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Plot. By: Zoe, Alejandro and Anastasia. Freytag’s triangle. Beginning/Incentive Moment, presents the problem of the plot. Complication, rising action or desis is followed and leads to middle Middle (climax, crisis, reversal, peripetia )

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slide1

Plot

By: Zoe, Alejandro and Anastasia

freytag s triangle
Freytag’s triangle
  • Beginning/Incentive Moment, presents the problem of the plot.
  • Complication, rising action or desis is followed and leads to middle
  • Middle (climax, crisis, reversal, peripetia)
  • Falling action (denouement) and unraveling (lusis) happen simultaneously and lead into the end
  • The end or resolution ties up the problem presented in the beginning
general plot
General--Plot
  • first principal of tragedy
  • arrangement of incidents
  • Not about the story but about the way that incidents are presented
  • Depends on cause and effect
  • Plot
    • Must be a whole
    • Must be complete
    • Complexity preferred
    • Certain Magnitude

Analogy: In order for a painter to gain recognition, his pieces must be complete and seen as wholes, otherwise they will simply be unfinished pieces of art. Paintings are always of a certain size in order to be able to properly demonstrate the detail and talent of the painting which if is complex, many times gains the most praise. Aristotle saw plays the same way: If they did not have these four qualities, they would not be up to standards.

order of importance of elements in tragedy
Order of importance of elements in Tragedy
  • Plot—first principal
    • Tragedy is imitation of an action and of life
  • Character—second principal
  • Thought—third principal
  • Dictation—fourth principal
  • Song—fifth principal
  • Spectacles—sixth principal
    • Any organized thing looked at has a whole has an order of importance. For example, in a school, the most important position is the principal, followed by the vice-principal, etc.
beginning
Beginning
  • Does not follow anything
  • Naturally comes after something
    • The morning is the beginning of any given day but it naturally follows the day before it.
denoument
Denoument
  • Complication and Unraveling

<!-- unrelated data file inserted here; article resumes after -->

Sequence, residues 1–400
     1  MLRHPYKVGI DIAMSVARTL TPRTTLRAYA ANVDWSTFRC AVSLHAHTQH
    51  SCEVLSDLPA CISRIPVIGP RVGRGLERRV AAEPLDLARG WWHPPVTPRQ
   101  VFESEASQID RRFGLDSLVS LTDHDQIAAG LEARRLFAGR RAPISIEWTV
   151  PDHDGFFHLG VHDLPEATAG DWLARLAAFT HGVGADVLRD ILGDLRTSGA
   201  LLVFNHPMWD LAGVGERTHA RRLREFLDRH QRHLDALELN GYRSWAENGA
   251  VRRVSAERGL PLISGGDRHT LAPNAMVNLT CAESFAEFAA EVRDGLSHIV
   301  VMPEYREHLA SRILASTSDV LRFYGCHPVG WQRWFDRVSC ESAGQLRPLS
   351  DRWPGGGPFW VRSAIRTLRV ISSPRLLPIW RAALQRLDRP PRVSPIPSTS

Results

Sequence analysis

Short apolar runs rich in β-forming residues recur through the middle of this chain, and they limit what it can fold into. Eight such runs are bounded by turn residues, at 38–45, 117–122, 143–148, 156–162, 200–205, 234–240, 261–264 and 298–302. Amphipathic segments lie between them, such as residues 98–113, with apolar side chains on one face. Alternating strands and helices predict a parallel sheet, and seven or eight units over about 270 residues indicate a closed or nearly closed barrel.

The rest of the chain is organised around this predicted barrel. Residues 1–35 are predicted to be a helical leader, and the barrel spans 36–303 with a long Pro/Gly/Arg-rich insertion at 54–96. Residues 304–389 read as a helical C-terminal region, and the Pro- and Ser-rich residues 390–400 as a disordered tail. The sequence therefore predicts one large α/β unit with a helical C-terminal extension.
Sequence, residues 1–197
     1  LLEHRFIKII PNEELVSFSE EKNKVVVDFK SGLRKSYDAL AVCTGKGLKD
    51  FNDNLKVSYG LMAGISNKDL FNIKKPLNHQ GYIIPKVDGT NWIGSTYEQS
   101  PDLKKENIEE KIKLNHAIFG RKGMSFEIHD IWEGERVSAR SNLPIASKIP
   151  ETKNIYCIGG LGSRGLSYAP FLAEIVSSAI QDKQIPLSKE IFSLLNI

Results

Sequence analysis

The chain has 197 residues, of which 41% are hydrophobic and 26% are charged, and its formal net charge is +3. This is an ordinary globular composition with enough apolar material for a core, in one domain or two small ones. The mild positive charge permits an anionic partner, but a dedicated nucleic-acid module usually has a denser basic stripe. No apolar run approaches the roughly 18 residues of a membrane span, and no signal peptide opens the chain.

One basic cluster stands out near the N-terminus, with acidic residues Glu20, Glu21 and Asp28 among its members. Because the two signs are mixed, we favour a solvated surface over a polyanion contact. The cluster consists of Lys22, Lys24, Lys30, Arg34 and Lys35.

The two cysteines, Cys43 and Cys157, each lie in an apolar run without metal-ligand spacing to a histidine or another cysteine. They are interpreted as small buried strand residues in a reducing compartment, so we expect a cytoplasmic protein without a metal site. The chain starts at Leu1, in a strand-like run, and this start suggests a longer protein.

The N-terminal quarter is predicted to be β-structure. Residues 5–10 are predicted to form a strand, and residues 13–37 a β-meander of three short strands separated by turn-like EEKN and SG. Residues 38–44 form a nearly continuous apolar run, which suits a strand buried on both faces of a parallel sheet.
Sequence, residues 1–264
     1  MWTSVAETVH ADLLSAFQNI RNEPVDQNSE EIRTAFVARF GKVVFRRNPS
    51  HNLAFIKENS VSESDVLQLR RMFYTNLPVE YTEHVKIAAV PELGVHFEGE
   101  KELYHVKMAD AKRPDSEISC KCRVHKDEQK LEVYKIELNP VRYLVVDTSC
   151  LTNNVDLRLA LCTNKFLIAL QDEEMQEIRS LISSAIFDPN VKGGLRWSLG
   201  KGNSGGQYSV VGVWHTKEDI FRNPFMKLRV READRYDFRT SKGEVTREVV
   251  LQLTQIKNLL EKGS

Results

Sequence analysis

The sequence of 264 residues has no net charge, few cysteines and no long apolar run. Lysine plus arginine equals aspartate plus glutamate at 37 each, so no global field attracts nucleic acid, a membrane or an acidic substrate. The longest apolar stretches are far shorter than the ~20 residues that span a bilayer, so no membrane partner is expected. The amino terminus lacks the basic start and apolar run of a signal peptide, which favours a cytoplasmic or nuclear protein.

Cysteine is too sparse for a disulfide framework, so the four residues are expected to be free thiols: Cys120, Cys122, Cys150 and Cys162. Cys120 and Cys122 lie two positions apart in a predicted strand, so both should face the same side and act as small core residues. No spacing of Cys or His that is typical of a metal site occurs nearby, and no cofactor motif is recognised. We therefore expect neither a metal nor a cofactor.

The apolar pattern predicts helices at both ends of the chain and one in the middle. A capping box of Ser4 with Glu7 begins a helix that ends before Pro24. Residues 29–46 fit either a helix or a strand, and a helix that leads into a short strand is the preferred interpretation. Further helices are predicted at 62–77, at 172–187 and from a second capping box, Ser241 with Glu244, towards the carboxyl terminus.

• Complication: beginning of action to where turning point is marked by good or bad fortune
    • Unraveling: Beginning of the change to the end

“The complication...extends from the beginning of the action to the part which marks the turning-point to good or bad fortune…the complication consists of the incidents presupposed in the drama, the seizure of the child, and then again…[the Unraveling] extends from the accusation of murder to”.

--Aristotile

unity of plot
Unity of Plot
  • Does not consist in the unity of the hero
  • Unity centers round an action that in our sense of the word is one
  • Imitation is one when object imitated is one
  • Plot must imitate an action as a whole
    • If any part of the whole is left out plot will fall apart

Like a machine, the plot will no longer function if any of its parts are removed.

episodic plots
Episodic Plots
  • Episodes or acts succeed one another without probable or necessary sequence
  • Tragic wonder must be produced by playwright, not by incident
  • Avoid episodic plots at all costs

“Of all plots and actions the episodic are the worst”.

--Aristotile

poet should aim at the necessary or probable
Poet should aim at the necessary or probable
  • Characters should speak and act in a given way
  • Unraveling and complication must arise out of plot as opposed to by Deus ex machina
  • Within action there must be nothing irrational

“[Most poets] imagine that Hercales was one man, the story of Hercales must also be a unity…[when homer] composed the Odyssey he did not include all the adventures of Odysseus…[he eliminated] incidents between which there was no necessary or probable connection…”

--Aristotile

preservation of classical myths
Preservation of Classical Myths
  • Must not destroy framework of legends and classical myths
  • Poet should skillfully handle traditional material

If a costume designer is designing clothes for a movie about King Louis IV, the costume designer should keep the classical framework of Louis IV original wardrobe while still adding his or her own “spin” on it.

magnitude
Magnitude
  • Small and enormous plays can not be beautiful
  • Sequence of events according to law of probability or necessity will admit of a change from bad fortune to good or vice versa
simplicity vs complexity
Simplicity vs. Complexity
  • Simple—when the change of fortune takes place without reversal of the situation and without recognition
  • Complex action is one in which the change is accompanied by such reversal, recognition or both.